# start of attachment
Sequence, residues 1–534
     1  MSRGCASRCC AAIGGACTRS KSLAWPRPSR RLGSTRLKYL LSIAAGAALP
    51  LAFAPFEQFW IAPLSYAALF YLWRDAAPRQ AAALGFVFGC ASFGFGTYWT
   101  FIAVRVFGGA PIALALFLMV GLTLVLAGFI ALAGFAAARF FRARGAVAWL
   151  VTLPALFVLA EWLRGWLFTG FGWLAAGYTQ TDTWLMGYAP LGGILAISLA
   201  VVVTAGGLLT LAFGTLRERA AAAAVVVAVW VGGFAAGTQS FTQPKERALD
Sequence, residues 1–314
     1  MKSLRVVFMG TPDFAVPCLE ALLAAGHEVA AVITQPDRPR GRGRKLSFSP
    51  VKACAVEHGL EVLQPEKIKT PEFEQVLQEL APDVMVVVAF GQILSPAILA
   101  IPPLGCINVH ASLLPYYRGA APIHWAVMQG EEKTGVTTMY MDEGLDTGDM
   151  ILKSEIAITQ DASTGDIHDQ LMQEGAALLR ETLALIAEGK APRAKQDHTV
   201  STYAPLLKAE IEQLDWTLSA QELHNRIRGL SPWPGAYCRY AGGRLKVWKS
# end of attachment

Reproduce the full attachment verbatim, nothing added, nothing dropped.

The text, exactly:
Sequence, residues 1–534
     1  MSRGCASRCC AAIGGACTRS KSLAWPRPSR RLGSTRLKYL LSIAAGAALP
    51  LAFAPFEQFW IAPLSYAALF YLWRDAAPRQ AAALGFVFGC ASFGFGTYWT
   101  FIAVRVFGGA PIALALFLMV GLTLVLAGFI ALAGFAAARF FRARGAVAWL
   151  VTLPALFVLA EWLRGWLFTG FGWLAAGYTQ TDTWLMGYAP LGGILAISLA
   201  VVVTAGGLLT LAFGTLRERA AAAAVVVAVW VGGFAAGTQS FTQPKERALD
Sequence, residues 1–314
     1  MKSLRVVFMG TPDFAVPCLE ALLAAGHEVA AVITQPDRPR GRGRKLSFSP
    51  VKACAVEHGL EVLQPEKIKT PEFEQVLQEL APDVMVVVAF GQILSPAILA
   101  IPPLGCINVH ASLLPYYRGA APIHWAVMQG EEKTGVTTMY MDEGLDTGDM
   151  ILKSEIAITQ DASTGDIHDQ LMQEGAALLR ETLALIAEGK APRAKQDHTV
   201  STYAPLLKAE IEQLDWTLSA QELHNRIRGL SPWPGAYCRY AGGRLKVWKS